more by these outward signs, than to impose on the vulgar, and instead of putting great men to the trouble of acquiring or maintaining the substance, to make it sufficient that they condescend to wear the type or shadow of it.— You do wisely, therefore, when in a crowd, to amuse the mob by quarrels on such accounts, that, while they are listening to your jargon, you may with the greater ease and safety, pick their pockets: but surely to be in earnest, and privately to keep up such a ridiculous contention among yourselves, must argue the highest folly and absurdity. When you know you are all Prigs, what difference can a broad or a narrow brim create 7 Is a Prig less a Prig in one hat than in another? If the public should be weak enough to interest themselves in your quarrels, and to preser one pack to the other, while both are aiming at their purses; it is your business to laugh at, not initate their folly. What can be more ridiculous than for gentlemen to quarrel about hats, when there is not one among you whose hat is worth a farthing. What is the use of a hat, further than to keep the head warm, or to hide a bald crown from the public' It is the mark of a gentleman to move his hat on every occasion; and in courts and noble assemblies, no man ever wears one. Let me hear no more therefore of this childish disagreement, but all toss up your hats together with one accord, and consider that hat as the best, which will contain the largest booty.” He thus ended his speech, which was
followed by a murmuring applause, and immediately all
present tossed their hats together as he had commanded them. -oCHAPTER VII. Slowing the consequence which attended Heartfree's adventures with Wild; all matural, and common enough to little wretches who deal with Great Men; together with some precedents of letters, being the different onethods of answering a Dun. Let us now return to Heartfree, to whom the Count's
wote, which he had paid away, was returned, with an account that the drawer was not to be found, and that, inquiring after him, they had heard he was run away, and consequently the money was now demanded of the indorser. The apprehension of such a loss would have affected any man of business, but much more one whose unavoidable ruin it must prove. He expressed so much concern and confusion on this occasion that the proprietor of the note was frightened, and resolved to lose no time in securing what he could. So that, in the afternoon of the same day, Mr. Snap was commissioned to pay Heartfree a visit, which he did with his usual formality, and conveyed him to his own house. Mrs. Heartfee was no sooner informed of what had happened to her husband, than she raved like one distracted ; but after she had vented the first agonies of her passion in tears and lamentations, she applied herself to all possible means to procure her husband's liberty. She hastened to beg her neighboure to secure bail for him. But as the news had arrived at their houses before her, she found none of them at home, except an honest Quaker, whose servanis Hurst not tell a lie. However, she succeeded no better with him, for unluckily he had made an affirmation the day before, that he would never be bail for any man. After many fruitless efforts of this kind, she repaired to her husband to comfort him at least with her presence. She found him sealing the last of several letters, which he was despatching to his friends and creditors. The monent be saw her, a sudden joy sparkled in his eyes, which, however, had a very short duration; for despair soon closed them again ; nor could he help bursting into some passionate expressions of concern for her and his little family; which she, on her part, did her utmost to lessen, by endeavouring to mitigate the loss, and to raise in him hopes from the Count, who might, she said, be possibly only gone into the country. She comforted him likewise, with the expectation of favour from his acquaintance, especially from those whom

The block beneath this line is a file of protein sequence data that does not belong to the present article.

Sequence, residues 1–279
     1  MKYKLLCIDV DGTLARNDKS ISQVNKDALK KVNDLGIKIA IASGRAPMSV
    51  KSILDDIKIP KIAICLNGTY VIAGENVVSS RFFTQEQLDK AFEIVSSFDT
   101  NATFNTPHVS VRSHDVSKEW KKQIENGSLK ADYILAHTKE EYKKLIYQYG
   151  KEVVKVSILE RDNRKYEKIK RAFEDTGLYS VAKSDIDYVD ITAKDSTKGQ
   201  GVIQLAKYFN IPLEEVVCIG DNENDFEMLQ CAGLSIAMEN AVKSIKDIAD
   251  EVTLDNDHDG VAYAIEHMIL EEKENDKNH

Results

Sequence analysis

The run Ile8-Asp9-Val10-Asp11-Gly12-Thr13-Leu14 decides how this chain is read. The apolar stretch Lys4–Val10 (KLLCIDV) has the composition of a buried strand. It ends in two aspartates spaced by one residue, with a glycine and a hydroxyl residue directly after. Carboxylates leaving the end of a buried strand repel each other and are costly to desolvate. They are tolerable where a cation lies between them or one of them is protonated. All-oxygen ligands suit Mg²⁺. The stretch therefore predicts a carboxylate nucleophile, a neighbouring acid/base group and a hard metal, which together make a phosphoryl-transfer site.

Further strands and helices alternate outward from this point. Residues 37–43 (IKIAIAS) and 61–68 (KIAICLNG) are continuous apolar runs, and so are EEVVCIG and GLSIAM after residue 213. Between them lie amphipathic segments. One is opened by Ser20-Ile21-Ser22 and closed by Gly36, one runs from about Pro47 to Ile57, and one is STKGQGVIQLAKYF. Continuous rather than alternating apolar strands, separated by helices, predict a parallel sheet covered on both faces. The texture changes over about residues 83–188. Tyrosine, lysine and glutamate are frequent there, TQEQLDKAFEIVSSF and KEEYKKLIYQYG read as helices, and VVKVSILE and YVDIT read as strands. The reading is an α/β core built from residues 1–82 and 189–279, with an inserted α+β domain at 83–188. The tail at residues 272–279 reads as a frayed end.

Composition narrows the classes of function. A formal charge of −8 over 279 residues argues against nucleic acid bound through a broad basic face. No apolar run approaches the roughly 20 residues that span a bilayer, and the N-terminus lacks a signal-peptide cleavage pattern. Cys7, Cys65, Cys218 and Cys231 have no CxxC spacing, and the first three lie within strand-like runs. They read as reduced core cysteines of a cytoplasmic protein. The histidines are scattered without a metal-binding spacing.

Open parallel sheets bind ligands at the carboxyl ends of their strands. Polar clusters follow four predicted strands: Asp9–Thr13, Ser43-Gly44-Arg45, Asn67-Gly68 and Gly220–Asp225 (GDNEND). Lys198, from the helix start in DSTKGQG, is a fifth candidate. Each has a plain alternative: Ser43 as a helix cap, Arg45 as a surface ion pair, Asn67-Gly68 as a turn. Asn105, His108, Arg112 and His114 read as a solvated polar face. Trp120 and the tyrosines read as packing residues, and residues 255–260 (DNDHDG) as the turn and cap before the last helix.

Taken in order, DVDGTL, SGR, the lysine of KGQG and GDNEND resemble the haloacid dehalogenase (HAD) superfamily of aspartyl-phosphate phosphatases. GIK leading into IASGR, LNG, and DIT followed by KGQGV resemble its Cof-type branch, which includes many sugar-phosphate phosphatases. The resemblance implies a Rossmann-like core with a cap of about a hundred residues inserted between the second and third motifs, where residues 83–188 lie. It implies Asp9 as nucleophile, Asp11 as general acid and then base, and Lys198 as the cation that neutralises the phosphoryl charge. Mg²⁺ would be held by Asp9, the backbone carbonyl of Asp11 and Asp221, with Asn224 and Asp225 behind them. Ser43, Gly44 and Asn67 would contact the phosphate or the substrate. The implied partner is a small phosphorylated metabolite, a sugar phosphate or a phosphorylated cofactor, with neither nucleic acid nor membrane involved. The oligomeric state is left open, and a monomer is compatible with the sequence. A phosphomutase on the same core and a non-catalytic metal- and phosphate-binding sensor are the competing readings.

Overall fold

he had in a particular manner obliged and served. LastRy, she conjured him, by all the value and esteem he prosessed for her, not to endanger his health, on which alone depended her happiness, by too great an indulgence of
grief; assuring him that no state of life could appear un
happy to her with him, unless his own sorrow or discontent made it so. * In this manner did this weak, poor-spirited woman attempt to relieve her husband's pains, which it would have rather become her to aggravate by not only painting out his misery in the liveliest colours imaginable, but by upbraiding him with that folly and confidence which had occasioned it, and by lamenting her own hard fate, in being obliged to share his sufferings. Heartfree returned this goodness (as it is called) of his wife, with the warmest gratitude, and they passed an hour in a scene of tenderness too low and contemptible to be recounted to our great readers.—We shall therefore omit all such relations, as they tend only to make human nature low and ridiculous. Those messengers who had obtained any answers to his letters now returned. We shall here copy a few of them, as they may serve for precedents to others who have an occasion, which happens commonly'enough in genteel life, to answer the impertinence of a Dun.
LETTER I. MR. HEARTFREE, My Lord commands me to tell you he is very much surprised at your assurance in asking for money, which you know hath been so little while due ; however, as he intends to deal no longer at your shop, he hath ordered me to pay you as soon as I shall have cash in hand, which, considering many disbursements for bills long due, &c. can't possibly promise any time, &c. at present. Andam Your humble servant, RQGER MQRECRAFT.